Bye bye Amerikas

Loved the 2 years here. Leaving on May 25th, and so this blog ends. It was a pleasure, ladies and gentlemen.

All comments and brickbats welcome. Will leave a forwarding address, but I seriously wonder if anyone reads this blog anymore.


Of Language – I

Contrary to some Indian jingoistic opinions, which are usually a consequence of either the American capitalistic or protectionist policies, my experience of the United States has been a pretty secular and productive one. People are generally in the mood to get things done, rather than yak about inequities (if there are any). Barring a few idiots in the local metro-bus, most Americans welcome aliens like me with open arms, sometimes inviting us for Thanksgiving dinner or asking us for a baseball game.

After two years, my amalgamation here has been so complete that only when I see telugu movies (which is rarely the case these days, what with the dry spell since Happy Days) do I realize that I am in a foreign land. But this incident struck a note, an interesting one at that.

So there I was, at Costco, on an early Saturday morning at 10 am (yes, it’s early!). For those of you  new to the Costco culture, it is the equivalent of an Indian wholesale godown, only that the humongous bags of rice or dal are replaced with purple boxes of raisin bran cereal or 3 pound nets of potatoes. The pyramidal arrangement of watermelons or oranges is replaced with small 2 or 3 pound packages of ready-to-carry apples imported from China. The familiar jute bag Indian families use for shopping are substituted by railway cargo style ‘shopping carts’ and new age polythene bags, often packed using double their numbers to ensure that they don’t tear.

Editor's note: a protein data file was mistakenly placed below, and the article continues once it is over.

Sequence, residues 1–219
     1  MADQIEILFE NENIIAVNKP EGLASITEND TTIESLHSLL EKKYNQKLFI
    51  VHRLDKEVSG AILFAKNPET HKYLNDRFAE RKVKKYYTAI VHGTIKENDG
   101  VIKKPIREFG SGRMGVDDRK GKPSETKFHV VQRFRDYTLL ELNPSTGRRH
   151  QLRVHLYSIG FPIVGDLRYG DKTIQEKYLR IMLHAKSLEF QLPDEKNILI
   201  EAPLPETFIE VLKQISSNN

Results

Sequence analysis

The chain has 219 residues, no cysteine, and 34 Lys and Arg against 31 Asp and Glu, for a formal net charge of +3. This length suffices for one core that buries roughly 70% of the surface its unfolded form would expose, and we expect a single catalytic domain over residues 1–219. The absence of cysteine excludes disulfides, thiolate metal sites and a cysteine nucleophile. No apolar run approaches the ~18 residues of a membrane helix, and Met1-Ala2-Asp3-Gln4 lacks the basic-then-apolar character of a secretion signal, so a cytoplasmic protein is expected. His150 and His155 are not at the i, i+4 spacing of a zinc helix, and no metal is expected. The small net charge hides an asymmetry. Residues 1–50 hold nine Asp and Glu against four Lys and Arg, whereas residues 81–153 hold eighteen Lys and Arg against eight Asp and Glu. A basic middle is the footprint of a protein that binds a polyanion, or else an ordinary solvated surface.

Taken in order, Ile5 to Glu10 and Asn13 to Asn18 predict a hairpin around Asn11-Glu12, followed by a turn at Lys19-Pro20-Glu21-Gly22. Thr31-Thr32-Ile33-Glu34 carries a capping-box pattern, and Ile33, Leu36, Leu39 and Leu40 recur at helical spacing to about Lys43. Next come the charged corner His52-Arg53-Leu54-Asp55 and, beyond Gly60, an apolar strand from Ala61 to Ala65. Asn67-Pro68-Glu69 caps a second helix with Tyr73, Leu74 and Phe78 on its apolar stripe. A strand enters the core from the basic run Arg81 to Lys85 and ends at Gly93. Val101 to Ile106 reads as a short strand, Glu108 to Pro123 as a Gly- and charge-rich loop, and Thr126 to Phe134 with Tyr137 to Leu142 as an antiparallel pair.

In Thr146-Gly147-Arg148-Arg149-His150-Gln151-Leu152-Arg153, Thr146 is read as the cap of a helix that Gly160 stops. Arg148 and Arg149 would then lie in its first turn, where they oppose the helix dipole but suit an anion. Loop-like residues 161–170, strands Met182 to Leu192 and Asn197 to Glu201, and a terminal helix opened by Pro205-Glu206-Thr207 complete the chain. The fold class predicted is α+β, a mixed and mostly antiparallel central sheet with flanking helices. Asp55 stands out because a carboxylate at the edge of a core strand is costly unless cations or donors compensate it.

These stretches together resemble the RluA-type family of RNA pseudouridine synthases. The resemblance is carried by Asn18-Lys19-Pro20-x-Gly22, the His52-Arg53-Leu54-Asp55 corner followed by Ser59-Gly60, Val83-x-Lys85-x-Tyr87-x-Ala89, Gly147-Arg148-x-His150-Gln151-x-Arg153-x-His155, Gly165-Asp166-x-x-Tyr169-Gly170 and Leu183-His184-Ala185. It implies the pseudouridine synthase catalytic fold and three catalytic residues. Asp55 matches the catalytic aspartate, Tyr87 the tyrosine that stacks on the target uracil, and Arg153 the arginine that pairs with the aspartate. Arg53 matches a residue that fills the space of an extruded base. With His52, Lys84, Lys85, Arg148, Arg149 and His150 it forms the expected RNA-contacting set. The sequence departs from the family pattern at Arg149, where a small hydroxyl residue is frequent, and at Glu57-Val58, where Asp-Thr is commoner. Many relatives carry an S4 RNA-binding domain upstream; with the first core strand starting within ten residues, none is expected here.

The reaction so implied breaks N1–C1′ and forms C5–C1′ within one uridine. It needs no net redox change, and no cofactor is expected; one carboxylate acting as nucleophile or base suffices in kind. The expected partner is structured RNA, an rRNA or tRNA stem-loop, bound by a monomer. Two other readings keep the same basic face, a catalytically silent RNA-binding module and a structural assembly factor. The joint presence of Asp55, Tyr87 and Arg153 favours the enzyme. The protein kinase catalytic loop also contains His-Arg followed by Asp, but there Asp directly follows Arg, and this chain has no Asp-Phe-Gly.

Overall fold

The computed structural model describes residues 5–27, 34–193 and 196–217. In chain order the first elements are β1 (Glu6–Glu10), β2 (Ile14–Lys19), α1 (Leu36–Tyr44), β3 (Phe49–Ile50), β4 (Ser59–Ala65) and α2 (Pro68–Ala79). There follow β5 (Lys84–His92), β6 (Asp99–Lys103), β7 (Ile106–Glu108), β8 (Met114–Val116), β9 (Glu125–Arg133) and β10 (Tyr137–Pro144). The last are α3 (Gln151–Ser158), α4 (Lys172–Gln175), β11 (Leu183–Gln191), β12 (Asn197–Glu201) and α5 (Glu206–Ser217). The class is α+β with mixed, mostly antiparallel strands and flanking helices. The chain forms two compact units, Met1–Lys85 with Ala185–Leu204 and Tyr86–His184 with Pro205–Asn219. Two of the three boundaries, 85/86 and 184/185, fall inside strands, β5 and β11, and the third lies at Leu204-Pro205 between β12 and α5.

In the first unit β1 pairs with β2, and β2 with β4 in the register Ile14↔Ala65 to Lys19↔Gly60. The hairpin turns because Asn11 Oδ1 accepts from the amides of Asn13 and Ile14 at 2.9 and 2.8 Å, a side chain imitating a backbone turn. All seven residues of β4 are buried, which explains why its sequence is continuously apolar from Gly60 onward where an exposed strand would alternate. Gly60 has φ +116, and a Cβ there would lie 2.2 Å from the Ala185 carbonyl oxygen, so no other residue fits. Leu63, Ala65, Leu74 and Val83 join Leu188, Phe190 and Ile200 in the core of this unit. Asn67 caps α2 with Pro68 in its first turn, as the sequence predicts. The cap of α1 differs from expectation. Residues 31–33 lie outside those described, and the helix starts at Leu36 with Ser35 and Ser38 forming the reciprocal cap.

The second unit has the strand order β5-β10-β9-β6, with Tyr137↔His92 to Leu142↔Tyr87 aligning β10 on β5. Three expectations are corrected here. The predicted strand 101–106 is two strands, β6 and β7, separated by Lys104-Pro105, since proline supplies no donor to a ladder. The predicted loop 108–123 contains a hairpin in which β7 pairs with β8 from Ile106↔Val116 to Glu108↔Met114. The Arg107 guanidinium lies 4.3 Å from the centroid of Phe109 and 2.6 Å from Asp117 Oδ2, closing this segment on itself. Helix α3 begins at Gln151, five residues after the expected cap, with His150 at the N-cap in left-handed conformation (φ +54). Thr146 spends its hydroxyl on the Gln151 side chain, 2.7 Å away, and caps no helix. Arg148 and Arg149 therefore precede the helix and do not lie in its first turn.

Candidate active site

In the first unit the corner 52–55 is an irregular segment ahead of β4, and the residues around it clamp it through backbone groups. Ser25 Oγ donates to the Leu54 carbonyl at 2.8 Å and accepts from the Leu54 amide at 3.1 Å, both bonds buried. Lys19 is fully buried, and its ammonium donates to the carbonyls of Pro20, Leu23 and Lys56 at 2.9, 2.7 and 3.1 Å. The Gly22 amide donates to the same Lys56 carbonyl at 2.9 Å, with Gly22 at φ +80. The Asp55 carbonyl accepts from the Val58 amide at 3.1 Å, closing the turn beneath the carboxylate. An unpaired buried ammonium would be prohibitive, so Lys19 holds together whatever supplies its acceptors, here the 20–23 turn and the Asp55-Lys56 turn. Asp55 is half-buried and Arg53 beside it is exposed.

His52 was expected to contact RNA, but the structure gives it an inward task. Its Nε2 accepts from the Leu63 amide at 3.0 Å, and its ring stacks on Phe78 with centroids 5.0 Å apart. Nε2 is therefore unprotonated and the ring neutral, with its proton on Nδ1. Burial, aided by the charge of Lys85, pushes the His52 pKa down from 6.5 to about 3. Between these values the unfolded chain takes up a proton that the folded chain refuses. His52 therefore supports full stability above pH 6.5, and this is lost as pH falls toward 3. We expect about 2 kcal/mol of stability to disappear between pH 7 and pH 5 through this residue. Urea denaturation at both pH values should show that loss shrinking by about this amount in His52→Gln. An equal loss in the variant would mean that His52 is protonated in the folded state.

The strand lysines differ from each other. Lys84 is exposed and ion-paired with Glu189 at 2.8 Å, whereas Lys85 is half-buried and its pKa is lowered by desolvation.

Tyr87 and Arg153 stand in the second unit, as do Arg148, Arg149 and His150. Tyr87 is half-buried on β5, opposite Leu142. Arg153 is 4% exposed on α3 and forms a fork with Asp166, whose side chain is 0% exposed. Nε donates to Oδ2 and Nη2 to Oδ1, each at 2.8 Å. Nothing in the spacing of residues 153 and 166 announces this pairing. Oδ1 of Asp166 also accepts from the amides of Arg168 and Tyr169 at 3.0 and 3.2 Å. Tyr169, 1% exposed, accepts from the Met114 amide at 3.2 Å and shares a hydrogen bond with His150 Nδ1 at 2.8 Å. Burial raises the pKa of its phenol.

And there I was with my buddies, pushing one shopping cart in front and pulling one from behind after a friend of mine apparently got lost between the colossal racks, trying to look for a shaving kit (When he found it  ultimately, he didn’t take it because not only did the economies of scale not allow him to grab just the blades, but also forced him to buy another razor). On the numerous rounds we had already taken inside Costco that day, there were two old ladies, peering about excitedly in the medicine section.

As it happened, one of them approached me while I was red in the face trying to both push and pull two carts. With bright eyes and a Sunday smile, she said, “Excuse me.. you  seem to have done a lot of shopping.. could you tell me where.. oh, excuse me (bending forward), do you speak E-N-G-L-I-S-H?”

It was then that my enthusiastic Indian head waggling abruptly stopped. My eyes became wider and I shrank and inflated at the same time, and shortly, after a brief two seconds, I was able to look into her eyes, bend a little and could hear myself replying with an over-emphasized ‘YES.’.

“Oh, that is good. Would you know where Claritin is available?”, she asked, her smile being ever so genuine and respectful.

“I believe that you would find it in the thirrrrd aisle from herrrre, though that’s one thing I haven’t bought.”, I joked in an unusually bad imitation of an Indian accent that I seemed to have put on instantly to convince her that I did know the language, although not with the same accent.

“Thank you very much. Have a great day!”, she said, and trundled along.